I didn't wanna give up that control and that power. I didn't wanna flip on my girls because I really wanted it to be a strong women's alliance — not just for game purposes, but I believe that when women work together, it's a beautiful thing. And then I really wanted to work with Sami because he was someone that I really vibed with.
What was going through your mind when Gabler calls this whole tribe meeting and says he's going to use the Shot in the Dark?
The first thing that went through my head — and I wanted to say it out loud — was, "Gabler, what are you talking about?" I wanted to step outside of the game Morriah and hop into Morriah on the couch and say, "Gabler, if you don't play that idol…." [Laughs] That's what I wanted to say as a person watching the game. But as a player, I'm not gonna convince this man to play his idol, but in my head, this doesn't make any sense. So I'm gonna assume that you're trying to do me because it doesn't make sense. So the whole time when he is telling this story, I didn't buy it for a second. So if I was blindsided in any way, it was definitely blindsided by the fact that he didn't play it. [Laughs]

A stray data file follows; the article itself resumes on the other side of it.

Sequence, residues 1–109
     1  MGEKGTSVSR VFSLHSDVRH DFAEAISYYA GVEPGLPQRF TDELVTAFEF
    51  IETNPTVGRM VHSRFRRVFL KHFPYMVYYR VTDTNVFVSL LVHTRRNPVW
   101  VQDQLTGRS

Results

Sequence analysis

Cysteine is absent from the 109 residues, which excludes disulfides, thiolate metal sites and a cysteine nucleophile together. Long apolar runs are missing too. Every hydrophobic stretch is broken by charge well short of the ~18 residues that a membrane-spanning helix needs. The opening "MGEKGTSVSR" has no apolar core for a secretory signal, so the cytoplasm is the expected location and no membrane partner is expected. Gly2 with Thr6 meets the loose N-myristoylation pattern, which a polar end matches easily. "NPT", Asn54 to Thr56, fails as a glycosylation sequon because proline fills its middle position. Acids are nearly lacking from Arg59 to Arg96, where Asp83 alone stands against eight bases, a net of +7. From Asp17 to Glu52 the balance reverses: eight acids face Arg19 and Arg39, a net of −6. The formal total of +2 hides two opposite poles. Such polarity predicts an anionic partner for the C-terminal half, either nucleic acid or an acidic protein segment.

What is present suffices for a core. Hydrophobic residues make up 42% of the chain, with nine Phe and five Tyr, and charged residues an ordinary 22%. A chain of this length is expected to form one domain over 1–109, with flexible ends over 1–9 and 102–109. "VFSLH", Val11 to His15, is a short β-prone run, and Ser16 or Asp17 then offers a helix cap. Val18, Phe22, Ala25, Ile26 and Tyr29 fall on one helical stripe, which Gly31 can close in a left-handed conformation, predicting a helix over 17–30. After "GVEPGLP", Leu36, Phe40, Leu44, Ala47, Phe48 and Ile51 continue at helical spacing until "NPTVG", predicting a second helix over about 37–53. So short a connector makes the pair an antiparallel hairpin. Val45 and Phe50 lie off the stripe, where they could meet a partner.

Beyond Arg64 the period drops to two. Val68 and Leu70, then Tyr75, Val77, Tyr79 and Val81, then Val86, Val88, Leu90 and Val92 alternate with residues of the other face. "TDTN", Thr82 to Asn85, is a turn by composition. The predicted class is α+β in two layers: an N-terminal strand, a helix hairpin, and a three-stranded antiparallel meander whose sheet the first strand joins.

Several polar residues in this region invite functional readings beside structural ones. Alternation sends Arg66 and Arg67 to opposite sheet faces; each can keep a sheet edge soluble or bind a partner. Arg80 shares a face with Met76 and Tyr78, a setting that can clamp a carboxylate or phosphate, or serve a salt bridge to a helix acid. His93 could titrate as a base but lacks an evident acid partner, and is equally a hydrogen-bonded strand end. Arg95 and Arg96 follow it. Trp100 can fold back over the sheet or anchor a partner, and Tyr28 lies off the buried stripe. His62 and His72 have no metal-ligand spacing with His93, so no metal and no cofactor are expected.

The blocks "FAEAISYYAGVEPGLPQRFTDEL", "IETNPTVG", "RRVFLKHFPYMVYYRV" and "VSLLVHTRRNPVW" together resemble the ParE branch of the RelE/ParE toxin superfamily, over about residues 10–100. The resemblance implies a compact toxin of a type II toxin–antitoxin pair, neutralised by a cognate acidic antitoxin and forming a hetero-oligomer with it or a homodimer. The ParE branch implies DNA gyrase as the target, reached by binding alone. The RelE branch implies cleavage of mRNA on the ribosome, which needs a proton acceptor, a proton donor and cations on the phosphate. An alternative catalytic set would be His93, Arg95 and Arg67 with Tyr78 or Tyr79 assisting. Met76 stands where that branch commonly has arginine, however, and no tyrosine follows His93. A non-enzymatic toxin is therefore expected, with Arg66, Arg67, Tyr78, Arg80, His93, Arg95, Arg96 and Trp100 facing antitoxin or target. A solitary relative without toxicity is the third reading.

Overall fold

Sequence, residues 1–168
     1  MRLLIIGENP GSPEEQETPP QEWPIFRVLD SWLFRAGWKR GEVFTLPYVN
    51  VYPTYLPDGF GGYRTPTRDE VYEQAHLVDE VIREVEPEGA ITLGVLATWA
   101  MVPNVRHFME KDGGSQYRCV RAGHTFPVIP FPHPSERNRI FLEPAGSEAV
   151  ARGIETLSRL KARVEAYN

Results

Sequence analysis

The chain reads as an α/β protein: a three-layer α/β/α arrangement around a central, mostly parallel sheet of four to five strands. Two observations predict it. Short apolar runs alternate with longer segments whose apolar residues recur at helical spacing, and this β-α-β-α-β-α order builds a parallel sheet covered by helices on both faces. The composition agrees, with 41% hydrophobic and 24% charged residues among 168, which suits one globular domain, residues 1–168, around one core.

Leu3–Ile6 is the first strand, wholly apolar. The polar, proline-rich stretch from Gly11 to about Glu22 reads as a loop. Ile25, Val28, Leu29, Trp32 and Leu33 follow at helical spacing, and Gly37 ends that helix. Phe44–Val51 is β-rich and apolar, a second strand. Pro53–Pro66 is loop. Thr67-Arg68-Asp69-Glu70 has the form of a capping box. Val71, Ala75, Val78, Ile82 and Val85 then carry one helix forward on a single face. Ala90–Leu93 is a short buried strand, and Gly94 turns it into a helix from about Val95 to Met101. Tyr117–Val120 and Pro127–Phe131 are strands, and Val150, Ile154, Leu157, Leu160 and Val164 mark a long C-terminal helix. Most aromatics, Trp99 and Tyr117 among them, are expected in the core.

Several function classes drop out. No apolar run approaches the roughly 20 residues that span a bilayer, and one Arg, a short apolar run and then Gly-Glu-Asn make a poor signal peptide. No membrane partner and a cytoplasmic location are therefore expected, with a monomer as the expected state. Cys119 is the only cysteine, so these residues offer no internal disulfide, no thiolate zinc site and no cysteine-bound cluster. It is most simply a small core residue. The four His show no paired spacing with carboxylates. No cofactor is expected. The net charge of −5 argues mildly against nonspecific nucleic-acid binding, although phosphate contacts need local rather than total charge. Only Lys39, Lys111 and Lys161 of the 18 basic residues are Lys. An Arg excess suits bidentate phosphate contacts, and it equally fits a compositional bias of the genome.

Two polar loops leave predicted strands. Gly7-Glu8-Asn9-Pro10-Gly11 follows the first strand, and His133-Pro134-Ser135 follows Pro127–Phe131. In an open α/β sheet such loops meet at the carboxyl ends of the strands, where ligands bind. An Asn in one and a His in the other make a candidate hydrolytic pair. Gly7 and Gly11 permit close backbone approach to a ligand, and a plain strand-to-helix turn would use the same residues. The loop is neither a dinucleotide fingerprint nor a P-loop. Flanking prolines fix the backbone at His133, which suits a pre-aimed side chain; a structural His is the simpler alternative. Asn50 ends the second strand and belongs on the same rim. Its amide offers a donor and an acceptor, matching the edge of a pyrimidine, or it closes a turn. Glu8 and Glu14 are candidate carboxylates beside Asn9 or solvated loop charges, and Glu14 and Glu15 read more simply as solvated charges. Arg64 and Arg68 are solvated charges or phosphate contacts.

Robert Voets/CBS Morriah Young and Jeff Probst on 'Survivor 43'
I've been covering the show for a long time, and I've spoken to a lot of people that have been voted out first. A lot of folks have been pretty devastated by being the first one to go. How have you handled that, Mariah?